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Canadian Pacific Railway (CP-T) reported a 23-percent drop in quarterly profit Wednesday after widespread spring flooding disrupted its operations in Canada and the United States.
Shares in CP, Canada's second-biggest railroad, were higher on Wednesday as the earnings' decline was smaller than expected. Industry analysts said the weather troubles were a short-term blip in a positive longer-term story.
"Historically CP is one of the least efficient railroads. There is a huge opportunity for it to close that gap. (Today's results) don't change our longer-term thesis," said Edward Jones analyst Brian Yarbrough.
"In our opinion they are finally focused on (improving efficiency) and they know what they need to do," he said.
CP said profit d and detoured traffic over other railways and incurred significantly higher operating costs to ensure delivery of our customers' shipments," CP Chief Executive Fred Green said in a statement.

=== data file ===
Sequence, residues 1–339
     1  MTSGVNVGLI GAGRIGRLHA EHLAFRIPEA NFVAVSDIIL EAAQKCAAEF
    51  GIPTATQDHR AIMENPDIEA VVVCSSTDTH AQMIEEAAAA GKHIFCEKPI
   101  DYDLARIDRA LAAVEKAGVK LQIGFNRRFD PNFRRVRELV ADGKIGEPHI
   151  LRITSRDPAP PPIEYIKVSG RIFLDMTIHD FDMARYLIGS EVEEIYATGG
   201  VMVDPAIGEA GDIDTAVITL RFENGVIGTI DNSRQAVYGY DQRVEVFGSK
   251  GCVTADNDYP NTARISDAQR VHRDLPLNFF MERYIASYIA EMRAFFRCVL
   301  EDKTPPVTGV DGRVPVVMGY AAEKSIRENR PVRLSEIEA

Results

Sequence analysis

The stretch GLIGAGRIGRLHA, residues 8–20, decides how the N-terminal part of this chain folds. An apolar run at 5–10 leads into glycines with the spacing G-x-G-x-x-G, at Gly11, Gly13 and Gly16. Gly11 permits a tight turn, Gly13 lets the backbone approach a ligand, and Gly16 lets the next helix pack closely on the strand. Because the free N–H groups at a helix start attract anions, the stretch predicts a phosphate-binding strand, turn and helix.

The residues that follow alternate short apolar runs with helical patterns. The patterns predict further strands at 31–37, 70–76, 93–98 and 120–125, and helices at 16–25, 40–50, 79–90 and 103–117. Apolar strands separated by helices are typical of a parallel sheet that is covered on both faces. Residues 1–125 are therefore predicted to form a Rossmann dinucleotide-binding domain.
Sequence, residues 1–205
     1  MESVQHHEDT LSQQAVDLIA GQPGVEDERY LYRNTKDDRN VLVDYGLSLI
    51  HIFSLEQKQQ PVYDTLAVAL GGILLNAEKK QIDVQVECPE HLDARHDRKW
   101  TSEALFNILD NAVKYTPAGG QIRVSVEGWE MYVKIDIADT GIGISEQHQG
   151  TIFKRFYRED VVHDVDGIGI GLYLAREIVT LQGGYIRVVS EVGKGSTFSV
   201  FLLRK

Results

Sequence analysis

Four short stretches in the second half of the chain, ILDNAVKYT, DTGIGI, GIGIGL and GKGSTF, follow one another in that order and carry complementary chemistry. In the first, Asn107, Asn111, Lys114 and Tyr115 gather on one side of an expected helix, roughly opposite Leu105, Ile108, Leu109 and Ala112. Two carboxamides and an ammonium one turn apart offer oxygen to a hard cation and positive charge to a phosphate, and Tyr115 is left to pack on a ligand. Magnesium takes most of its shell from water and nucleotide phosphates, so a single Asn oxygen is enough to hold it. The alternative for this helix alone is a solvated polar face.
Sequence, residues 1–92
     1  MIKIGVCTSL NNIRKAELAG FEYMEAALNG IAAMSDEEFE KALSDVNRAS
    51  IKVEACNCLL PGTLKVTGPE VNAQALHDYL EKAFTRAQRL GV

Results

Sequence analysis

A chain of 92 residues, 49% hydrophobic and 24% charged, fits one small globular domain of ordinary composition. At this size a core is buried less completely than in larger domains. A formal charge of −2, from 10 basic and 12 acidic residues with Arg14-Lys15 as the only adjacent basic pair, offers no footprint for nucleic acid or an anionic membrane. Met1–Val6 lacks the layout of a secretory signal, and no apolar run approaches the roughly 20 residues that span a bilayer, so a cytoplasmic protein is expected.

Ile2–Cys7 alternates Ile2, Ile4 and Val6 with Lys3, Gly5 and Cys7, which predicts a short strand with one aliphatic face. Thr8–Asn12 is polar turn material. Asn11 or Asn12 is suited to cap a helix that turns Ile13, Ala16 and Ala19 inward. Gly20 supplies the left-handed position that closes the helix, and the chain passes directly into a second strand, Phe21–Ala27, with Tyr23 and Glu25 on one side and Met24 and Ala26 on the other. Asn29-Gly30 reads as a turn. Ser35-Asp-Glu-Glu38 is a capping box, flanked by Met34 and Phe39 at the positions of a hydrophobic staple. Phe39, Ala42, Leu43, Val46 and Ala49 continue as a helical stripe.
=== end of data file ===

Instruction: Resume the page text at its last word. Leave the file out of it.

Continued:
The company said its operating ratio-an important measure of a railroad's productivity-rose to 81.8 percent in the quarter, from about 78 percent in the year-before quarter.
The lower the ratio, which measures operating costs as a percentage of revenue, the more efficient the railway.
By comparison, Canadian National Railway Co, CP's larger and more efficient rival, said this week its operating ratio was 61.3 percent in the second quarter.
The second quarter was the second straight quarter in which CP's results were hit hard by inclement weather. First-quarter profit tumbled 67 percent because of severe winter conditions, including avalanches and heavy snow.
CP's earnings came two days after CN announced better-than-expected quarterly earnings even though floods in Western Canada, forest fires and mudslides affected its operations.
CP said earnings fell to $128 million, or 75 cents a share, in the three months to the end of June. That compared with earnings of $166.6 million, or 98 cents a share, a year ago.
Revenue rose 2 percent to $1.26 billion.
Analysts, on average, expected CP to earn 73 cents a share, according to Thomson Reuters I/B/E/S.